Fee Structure, FAQ’s and Helpful Links
Estate Litigation Fee Structure, FAQ’s and Helpful Links
Our Plano and Frisco Estate Planning Lawyers Provide the Answers
Albin Oldner Law, PLLC is a dedicated estate planning and litigation law firm. We recognize that, whether you are organizing your estate plan or resolving a dispute, you want to understand the process and your individual options. That is why our Plano and Frisco estate planning lawyers take the time to educate you about the law and how it affects you. Review our frequently asked questions below and then contact our law firm for a thorough case evaluation.
- My adult child has a disability and needs my protection. Can I be named as a guardian? To be named a guardian, you must prove that your child is incapacitated, meaning your child is unable to care for his or her physical health or maintain basic needs, such as food, clothing and shelter. The court sets a high standard for showing incapacity, which requires expert evaluation by doctors and clear and convincing evidence that there is a need for a guardian. However, it is common for a parent or parents to be named as guardian of the person for a child that meets the required level of incapacity. The court may also appoint a guardian of the estate for such person, but often it is unnecessary since the primary income for such persons is in the form of governmental benefits such as social security disability income which does not require the appointment of a guardian of the estate.
- How does the court decide who to appoint as guardian of my grandchild who recently lost both parents? When appointing a guardian for a minor, the court gives priority as follows: parents, person designated in the will or a separate documents designating a guardian of the last surviving parent, grandparents, great grandparents, next of kin, non-relative. However, the court has discretion to choose a person of lower priority if a person of higher priority is unsuitable for the role or unable or unwilling to serve.
- Can I have the trustee removed from my trust for making risky investments? The trustee of your trust has a fiduciary duty to act in your best interests. If the trustee’s investment decisions jeopardize your account funds, you may have a valid claim for removal them from acting as your trustee.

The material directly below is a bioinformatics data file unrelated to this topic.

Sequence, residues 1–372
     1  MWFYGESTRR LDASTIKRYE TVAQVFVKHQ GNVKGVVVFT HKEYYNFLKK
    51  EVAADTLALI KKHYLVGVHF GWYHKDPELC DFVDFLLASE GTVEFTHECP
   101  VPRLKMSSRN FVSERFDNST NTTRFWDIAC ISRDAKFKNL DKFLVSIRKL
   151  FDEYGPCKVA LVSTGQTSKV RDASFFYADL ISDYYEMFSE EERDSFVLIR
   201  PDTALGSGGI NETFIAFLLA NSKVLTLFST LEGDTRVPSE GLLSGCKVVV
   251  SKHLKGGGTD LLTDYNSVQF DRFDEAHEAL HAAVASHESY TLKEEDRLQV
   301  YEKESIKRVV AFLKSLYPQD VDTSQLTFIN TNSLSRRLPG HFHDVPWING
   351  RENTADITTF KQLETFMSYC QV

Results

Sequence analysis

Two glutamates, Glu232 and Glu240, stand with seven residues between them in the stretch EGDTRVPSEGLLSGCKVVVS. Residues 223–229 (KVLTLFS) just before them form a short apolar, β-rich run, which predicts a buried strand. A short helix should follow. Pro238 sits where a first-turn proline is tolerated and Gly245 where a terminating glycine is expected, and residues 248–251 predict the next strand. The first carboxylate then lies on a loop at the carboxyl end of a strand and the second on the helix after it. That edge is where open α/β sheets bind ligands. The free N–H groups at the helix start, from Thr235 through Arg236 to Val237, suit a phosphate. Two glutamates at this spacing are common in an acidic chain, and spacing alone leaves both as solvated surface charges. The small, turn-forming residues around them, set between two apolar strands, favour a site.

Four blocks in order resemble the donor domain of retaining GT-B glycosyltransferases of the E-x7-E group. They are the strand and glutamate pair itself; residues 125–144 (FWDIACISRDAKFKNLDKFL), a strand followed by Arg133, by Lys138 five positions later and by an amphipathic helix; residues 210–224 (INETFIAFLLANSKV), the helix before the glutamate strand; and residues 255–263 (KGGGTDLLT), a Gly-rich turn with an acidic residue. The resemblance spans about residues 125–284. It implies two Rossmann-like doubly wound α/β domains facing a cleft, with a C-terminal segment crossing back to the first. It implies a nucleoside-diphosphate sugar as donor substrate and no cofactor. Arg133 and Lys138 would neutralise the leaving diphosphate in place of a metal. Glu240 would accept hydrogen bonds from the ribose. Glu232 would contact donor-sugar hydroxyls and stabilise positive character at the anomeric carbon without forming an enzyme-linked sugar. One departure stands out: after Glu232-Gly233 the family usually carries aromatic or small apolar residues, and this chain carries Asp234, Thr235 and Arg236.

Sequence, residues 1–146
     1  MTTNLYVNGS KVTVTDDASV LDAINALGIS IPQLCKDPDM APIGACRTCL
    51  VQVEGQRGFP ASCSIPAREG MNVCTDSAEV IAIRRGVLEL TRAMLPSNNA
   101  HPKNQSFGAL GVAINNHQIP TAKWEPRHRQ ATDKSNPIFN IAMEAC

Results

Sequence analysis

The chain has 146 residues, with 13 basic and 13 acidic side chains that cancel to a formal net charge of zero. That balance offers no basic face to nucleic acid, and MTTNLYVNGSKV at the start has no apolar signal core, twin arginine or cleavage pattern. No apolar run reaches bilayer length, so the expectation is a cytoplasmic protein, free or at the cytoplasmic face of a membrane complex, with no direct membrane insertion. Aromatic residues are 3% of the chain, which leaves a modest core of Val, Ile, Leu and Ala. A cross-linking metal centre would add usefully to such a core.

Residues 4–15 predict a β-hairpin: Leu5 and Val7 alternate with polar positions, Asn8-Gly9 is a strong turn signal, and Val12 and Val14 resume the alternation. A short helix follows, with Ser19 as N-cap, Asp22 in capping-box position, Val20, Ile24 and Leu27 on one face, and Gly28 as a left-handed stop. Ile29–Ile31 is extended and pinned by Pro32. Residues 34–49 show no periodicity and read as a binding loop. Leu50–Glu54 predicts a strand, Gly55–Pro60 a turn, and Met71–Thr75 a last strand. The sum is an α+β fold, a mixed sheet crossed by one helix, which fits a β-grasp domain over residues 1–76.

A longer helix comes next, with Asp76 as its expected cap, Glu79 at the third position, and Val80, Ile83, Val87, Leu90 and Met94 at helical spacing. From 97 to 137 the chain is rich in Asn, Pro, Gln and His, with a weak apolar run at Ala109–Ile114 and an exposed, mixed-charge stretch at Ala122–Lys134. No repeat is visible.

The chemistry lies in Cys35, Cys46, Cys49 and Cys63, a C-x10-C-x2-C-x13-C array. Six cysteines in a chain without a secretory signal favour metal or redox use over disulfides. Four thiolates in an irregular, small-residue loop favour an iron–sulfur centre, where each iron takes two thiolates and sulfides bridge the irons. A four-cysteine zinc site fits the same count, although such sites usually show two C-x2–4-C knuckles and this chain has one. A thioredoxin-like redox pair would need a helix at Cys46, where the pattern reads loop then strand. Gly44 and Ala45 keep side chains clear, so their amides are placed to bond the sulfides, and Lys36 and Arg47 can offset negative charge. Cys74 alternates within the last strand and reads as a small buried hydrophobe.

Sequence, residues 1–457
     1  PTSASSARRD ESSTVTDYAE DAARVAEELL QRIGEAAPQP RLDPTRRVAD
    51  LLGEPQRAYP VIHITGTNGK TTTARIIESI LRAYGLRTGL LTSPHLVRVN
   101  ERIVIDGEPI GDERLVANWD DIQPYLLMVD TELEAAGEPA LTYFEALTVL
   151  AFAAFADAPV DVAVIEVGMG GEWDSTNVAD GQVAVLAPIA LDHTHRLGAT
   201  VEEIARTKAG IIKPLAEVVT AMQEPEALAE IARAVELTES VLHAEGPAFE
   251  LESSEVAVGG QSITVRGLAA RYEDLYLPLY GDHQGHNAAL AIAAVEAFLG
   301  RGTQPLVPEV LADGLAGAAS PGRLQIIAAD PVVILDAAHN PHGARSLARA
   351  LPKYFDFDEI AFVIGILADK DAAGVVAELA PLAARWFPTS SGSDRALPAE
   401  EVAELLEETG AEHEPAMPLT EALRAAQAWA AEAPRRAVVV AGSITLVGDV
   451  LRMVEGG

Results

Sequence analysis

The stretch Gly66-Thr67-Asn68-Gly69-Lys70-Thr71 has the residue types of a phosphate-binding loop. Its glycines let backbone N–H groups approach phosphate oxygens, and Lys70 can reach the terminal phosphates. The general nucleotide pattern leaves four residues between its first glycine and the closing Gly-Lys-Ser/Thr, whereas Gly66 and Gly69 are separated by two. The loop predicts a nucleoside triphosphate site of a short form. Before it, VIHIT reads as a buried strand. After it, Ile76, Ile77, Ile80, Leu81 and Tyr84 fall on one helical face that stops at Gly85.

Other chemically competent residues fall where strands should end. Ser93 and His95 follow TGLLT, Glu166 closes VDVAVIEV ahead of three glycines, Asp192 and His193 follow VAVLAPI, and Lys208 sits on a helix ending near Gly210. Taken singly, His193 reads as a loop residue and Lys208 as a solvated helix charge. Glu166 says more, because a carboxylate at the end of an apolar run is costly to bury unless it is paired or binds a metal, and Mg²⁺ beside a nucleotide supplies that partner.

- Do I have a cause of action against the trustee who made a costly error? A mistake may be considered a good faith breach of your trustee’s fiduciary duty and you may be able to hold the trustee accountable. You must prove improper motive to show a bad faith breach, which carries additional penalties.
- My parent left me out of the will. Is this allowed? Parents are under no obligation to leave their children an inheritance. However, the court may find you have the right to an inheritance if you prove you were unintentionally disinherited or if the Will is invalid for a number of other reasons. To make this determination, the court reviews the language of the will and other evidence.
- My spouse left me out of the will. Do I have a cause of action? Your spouse does not have the right to dispose of your interest in the marital/community property. However, subject to some limitations, your spouse can leave his or her share of the marital/community property as well as her separate property to whomever they choose. Such limitations may include a right for the surviving spouse to continue to reside in the homestead property, an allowance in lieu of homestead, as well as other rights.
- Can I challenge a will that was different than I expected? You must have grounds to challenge a will. Common reasons include lack of mental capacity, undue influence, fraud, lack of proper execution and the existence of a more recent will or codicil.
- Do I have the right to challenge my friend’s will? You must have standing as an interested party for the court to allow you to bring a cause of action. Heirs, devisees, a spouse, creditors and a person with legal authority to act on a minor child’s behalf are considered interested parties, as well as a person who may have been listed as a beneficiary in a prior will